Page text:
Dishes that fall under categories like “Chef Favorites” or “Premium” and “Craft” have a more high-end feel, while options like “Family Friendly,” “Ready to Cook,” and “Fast and Easy” cater to busier folks. Additionally, meals in the “wellness” category are designed in collaboration with nutritionists, and those are no less enticing. You’ll also find an assortment of add-ons each week like premade single-serving meals, desserts, breakfasts, prepared proteins, and even specialty and seasonal items. 

What we tasted: 

  • Oven-baked chicken thighs and rice with snow peas and sambal-soy sauce
  • Pan-seared steaks and hot honey biscuits with glazed onion and sauteed kale
  • Shawarma-spiced cod and arugula salad with roasted potatoes


While effective at keeping the food cold and organized, the packaging from Blue Apron is perhaps not its strongest element. While this doesn’t necessarily distinguish it from other meal kit companies, it is a notable part of the Blue Apron experience. I had around 60 individual pieces of packaging in my week’s delivery of meals, including the box itself, insulated liner components, ice packs, “knick knack” bags which helped to separate ingredients for each recipe, and then the individually packaged ingredients themselves. 

Overall, about half of this was landfill-bound, with the remaining split evenly between curbside recyclable items and plastics that would need to be taken to a specialty facility to be recycled. Essentially, it’s a mountain of plastic to contend with each week and while it may be necessary for shipments of this kind or even similar to managing waste from your own groceries, it’s not the most feel-good part of the experience.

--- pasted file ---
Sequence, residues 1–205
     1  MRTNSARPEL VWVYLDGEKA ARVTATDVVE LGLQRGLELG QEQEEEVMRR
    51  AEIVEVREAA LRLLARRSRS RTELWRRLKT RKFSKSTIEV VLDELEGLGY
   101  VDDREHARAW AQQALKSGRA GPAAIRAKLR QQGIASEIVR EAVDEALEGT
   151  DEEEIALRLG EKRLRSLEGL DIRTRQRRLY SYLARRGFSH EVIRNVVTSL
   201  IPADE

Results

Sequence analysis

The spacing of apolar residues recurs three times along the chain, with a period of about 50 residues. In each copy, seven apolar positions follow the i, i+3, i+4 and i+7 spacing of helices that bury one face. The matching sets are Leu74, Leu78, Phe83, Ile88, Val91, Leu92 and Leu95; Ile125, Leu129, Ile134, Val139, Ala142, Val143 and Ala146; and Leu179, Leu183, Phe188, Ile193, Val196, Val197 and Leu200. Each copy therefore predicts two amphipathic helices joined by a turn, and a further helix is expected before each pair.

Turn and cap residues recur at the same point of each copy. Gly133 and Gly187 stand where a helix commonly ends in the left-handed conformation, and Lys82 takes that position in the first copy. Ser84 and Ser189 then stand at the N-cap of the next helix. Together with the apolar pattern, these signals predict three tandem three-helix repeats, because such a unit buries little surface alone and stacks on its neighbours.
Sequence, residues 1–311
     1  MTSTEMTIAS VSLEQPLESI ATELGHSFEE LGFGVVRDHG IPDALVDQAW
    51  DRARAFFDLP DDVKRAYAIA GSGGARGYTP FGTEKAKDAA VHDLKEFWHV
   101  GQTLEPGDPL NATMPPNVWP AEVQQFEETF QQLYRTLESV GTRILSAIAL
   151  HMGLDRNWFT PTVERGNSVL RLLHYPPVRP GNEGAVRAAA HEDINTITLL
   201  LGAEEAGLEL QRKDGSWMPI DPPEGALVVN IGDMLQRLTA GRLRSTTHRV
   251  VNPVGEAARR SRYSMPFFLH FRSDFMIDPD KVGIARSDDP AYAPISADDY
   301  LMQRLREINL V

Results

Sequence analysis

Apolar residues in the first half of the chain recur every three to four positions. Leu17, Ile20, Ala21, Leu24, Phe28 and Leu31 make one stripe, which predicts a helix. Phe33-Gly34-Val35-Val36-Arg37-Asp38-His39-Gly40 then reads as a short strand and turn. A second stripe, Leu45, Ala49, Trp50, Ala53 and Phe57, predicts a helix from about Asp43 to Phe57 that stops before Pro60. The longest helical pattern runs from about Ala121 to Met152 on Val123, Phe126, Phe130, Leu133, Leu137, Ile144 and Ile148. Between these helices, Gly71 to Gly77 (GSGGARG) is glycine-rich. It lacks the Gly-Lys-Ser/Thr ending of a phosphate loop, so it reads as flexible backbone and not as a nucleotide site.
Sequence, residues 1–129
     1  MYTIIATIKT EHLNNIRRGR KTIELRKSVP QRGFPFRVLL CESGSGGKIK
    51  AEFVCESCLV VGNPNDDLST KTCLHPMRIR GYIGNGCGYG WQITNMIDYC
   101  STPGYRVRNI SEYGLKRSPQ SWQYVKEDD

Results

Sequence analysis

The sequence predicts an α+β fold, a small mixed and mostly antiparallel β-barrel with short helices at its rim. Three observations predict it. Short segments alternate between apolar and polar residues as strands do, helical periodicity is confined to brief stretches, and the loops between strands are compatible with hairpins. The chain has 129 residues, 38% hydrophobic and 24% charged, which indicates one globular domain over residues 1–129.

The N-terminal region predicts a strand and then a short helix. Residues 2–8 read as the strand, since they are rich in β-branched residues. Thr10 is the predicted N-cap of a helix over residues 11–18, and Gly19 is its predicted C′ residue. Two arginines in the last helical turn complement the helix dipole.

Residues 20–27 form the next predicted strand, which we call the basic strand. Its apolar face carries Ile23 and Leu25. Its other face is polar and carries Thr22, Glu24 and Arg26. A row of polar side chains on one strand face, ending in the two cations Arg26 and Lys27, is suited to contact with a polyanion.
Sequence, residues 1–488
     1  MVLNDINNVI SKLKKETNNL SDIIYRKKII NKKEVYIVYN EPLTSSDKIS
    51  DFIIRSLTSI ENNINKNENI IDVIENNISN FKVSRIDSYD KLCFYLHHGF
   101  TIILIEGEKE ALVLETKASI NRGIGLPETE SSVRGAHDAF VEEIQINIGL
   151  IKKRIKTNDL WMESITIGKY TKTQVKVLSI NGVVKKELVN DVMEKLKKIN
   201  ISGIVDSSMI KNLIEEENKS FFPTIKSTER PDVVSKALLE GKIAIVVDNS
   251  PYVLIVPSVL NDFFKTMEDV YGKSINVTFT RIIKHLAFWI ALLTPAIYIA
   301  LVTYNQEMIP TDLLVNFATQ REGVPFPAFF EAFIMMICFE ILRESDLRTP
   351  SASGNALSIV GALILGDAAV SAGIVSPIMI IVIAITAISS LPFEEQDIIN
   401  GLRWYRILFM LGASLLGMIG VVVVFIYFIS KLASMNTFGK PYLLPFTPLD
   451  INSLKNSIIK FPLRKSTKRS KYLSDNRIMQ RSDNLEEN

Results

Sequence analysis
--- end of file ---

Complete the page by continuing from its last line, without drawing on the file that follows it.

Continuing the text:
Blue Apron Packaging

Food and Wine / Tori Marinet

The Cooking Process

Overall, Blue Apron recipes are well-vetted and they provided all the guidance I needed to produce a quality meal. While each dish had differing levels of cooking skills, equipment used, and time required, the service makes no apologies for asking its home cooks to get to work. In fact, it’s designed for people who want to flex their culinary muscles (at least sometimes), and I thought it was a really enjoyable experience. 

There was one snafu, unfortunately, as the aluminum tray that was supposed to come with the oven-ready baked chicken dish didn’t arrive due to a supply chain issue. I would have liked to see some proactive communication on this from Blue Apron, but I reached out and easily obtained alternate cooking instructions through the website’s customer service chat as well as an account credit for the missing item. (Refunds are a no-go, apparently.)


It comes as no surprise that flavor and quality may be the strongest arguments for choosing Blue Apron. In each and every dish I enjoyed a distinctive yet balanced taste experience, always with an element of sumptuousness even in the simpler preparations. While the best of the bunch for me was the pan-seared steaks with hot honey biscuits (because, really, what can top a freshly baked biscuit?), the shawarma-spiced cod and arugula salad was a close runner-up. 

The cod dish fell under the parameters of the Wellness program picks but still managed to be hearty and satisfying, with a swoosh of creamy lemon tahini underneath the earthy-spiced cod, savory roasted potatoes, peppery arugula, and the crunchy, chewy goodness of currants, pistachios, and sweet drop peppers. Each dish was unique and an overall home run in its own right.

Blue Apron Recipe Cards